ndl wrote:After playing around with all the types of crinds (bracketopes excluding the tegum sums) I think I discovered a new 4D crind! I don't know how to algebraically define it, but it's like a duocylinder that's been cut by another cylinder in one orientation and not the other, so you are left with cross sections of line-cylinder-line along 2 axes and circle-crind-circle along the other two. Is anyone familiar with this shape?

Here's a render:

New Crind.JPG


I think this may be what Marek14 calls a "longdome" - at least the description seems to match. He's posted about it here on several occasions.
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Re: 4D Crinds

Postby ndl » Sun Feb 10, 2019 7:05 pm

Yes! That is what I was trying to describe, thank you. There is a lot of stuff in this forum to sift through I don't know how anyone finds anything.
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Location: Queens, NY

Re: 4D Crinds

Postby Marek14 » Sat Feb 16, 2019 11:10 am

username5243 wrote:
ndl wrote:After playing around with all the types of crinds (bracketopes excluding the tegum sums) I think I discovered a new 4D crind! I don't know how to algebraically define it, but it's like a duocylinder that's been cut by another cylinder in one orientation and not the other, so you are left with cross sections of line-cylinder-line along 2 axes and circle-crind-circle along the other two. Is anyone familiar with this shape?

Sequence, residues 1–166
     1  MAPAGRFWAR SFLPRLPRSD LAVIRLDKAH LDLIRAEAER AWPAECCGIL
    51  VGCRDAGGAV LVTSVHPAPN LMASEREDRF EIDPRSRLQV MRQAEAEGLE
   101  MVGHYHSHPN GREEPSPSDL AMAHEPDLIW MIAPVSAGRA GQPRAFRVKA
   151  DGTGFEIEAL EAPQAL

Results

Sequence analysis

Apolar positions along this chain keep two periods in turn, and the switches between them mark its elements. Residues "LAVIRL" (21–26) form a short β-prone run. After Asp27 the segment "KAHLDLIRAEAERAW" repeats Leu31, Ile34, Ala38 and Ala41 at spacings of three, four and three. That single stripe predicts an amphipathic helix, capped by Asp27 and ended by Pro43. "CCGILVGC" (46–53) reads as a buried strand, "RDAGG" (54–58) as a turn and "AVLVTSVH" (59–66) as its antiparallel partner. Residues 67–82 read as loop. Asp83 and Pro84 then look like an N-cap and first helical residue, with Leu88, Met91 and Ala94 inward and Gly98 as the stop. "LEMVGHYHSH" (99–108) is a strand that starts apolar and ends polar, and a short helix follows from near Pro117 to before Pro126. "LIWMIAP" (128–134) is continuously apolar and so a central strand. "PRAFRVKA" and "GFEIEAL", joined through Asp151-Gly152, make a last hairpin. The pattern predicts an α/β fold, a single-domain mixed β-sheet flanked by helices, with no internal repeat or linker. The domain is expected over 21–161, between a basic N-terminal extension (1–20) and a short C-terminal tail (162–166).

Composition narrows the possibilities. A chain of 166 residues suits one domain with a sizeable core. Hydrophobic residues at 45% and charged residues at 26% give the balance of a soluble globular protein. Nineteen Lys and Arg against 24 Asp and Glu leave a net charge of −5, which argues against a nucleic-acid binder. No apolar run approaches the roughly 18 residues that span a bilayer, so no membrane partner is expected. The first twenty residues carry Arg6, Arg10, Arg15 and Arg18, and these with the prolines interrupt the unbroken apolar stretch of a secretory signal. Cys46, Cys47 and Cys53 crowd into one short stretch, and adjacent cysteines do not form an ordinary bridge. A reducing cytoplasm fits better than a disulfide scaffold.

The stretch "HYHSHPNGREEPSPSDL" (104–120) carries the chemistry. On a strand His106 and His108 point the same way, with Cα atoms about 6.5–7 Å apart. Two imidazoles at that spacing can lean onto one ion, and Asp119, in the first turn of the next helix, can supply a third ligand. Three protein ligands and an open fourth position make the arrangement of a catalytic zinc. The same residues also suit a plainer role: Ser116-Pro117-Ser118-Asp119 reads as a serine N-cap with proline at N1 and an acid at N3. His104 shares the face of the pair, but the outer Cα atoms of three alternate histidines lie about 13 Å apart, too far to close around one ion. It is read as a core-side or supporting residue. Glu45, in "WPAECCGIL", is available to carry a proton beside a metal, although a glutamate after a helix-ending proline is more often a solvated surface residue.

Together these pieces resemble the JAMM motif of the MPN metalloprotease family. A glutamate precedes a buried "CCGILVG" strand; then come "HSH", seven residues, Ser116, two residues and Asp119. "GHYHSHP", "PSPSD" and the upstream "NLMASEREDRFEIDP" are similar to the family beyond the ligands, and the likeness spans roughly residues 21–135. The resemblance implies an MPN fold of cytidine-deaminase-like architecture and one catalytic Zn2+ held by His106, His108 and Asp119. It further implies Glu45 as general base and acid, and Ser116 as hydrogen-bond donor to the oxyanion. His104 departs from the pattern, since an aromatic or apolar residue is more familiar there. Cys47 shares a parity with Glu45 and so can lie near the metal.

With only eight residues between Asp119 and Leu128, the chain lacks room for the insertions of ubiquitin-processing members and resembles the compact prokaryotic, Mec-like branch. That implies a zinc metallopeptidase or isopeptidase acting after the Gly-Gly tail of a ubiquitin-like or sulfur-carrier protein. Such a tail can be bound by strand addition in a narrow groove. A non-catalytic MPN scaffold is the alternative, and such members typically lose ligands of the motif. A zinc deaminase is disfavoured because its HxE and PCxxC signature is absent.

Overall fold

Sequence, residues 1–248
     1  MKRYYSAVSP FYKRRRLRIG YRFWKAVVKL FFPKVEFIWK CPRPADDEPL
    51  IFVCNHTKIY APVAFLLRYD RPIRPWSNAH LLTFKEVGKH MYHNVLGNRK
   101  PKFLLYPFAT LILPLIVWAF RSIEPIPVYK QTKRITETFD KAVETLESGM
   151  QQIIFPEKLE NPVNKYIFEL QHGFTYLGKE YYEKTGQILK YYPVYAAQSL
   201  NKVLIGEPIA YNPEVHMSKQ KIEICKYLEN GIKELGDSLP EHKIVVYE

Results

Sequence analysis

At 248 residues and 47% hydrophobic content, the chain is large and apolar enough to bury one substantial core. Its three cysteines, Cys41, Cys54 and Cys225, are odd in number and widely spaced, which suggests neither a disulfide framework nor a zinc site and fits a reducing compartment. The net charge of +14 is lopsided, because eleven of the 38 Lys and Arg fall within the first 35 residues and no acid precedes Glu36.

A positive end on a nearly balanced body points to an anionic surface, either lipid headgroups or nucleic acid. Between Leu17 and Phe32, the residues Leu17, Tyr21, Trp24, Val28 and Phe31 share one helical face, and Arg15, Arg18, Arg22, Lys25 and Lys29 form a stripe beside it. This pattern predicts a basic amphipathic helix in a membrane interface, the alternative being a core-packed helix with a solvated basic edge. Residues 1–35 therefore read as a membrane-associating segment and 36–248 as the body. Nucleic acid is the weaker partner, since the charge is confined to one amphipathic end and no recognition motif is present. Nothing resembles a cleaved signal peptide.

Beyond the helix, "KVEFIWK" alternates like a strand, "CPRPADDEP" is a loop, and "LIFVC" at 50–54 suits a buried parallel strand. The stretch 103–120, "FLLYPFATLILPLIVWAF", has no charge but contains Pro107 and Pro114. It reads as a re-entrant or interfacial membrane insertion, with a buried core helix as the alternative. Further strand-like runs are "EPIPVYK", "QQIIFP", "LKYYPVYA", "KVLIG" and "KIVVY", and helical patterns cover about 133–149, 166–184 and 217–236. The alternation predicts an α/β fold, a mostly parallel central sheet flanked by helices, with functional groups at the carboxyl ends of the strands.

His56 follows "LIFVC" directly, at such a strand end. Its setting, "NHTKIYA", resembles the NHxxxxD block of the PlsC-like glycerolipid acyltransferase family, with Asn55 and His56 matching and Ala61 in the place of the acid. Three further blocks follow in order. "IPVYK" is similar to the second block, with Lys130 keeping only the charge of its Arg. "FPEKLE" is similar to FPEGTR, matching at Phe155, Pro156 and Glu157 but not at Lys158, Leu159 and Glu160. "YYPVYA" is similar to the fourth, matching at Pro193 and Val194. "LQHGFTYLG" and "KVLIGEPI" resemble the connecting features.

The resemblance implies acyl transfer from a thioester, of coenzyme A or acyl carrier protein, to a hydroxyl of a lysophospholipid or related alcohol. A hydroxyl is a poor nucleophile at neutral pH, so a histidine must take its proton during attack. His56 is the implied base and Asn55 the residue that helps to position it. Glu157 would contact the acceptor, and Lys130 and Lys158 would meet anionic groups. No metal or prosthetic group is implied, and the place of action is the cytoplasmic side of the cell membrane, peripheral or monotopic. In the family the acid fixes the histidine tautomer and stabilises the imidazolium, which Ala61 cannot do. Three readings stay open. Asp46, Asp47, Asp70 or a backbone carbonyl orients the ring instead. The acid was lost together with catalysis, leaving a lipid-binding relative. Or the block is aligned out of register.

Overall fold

Here's a render:

New Crind.JPG


I think this may be what Marek14 calls a "longdome" - at least the description seems to match. He's posted about it here on several occasions.


I'm glad that concept is getting attention again :) As someone pointed out in the thread, it has been 14 years!
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Re: 4D Crinds

Postby username5243 » Sat Feb 16, 2019 2:11 pm

One thing I've been thinking: 3D crind is known to be the intersection of two perpendicular cylinders. Can any of the 4D crinds be derived in the similar way, e.g., as the intersection of perpendicular spherinders?
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Re: 4D Crinds

Postby Marek14 » Sat Feb 16, 2019 6:06 pm

username5243 wrote:One thing I've been thinking: 3D crind is known to be the intersection of two perpendicular cylinders. Can any of the 4D crinds be derived in the similar way, e.g., as the intersection of perpendicular spherinders?


Maybe. The maximum function plays a major role in these shapes and that can pretty much work as intersection or union of two shapes symbolized by other expressions.
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Re: 4D Crinds

Postby ndl » Sun Feb 17, 2019 1:20 am

username5243 wrote:One thing I've been thinking: 3D crind is known to be the intersection of two perpendicular cylinders. Can any of the 4D crinds be derived in the similar way, e.g., as the intersection of perpendicular spherinders?


Sure, I think that would make the Cylindrical Crind.
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Location: Queens, NY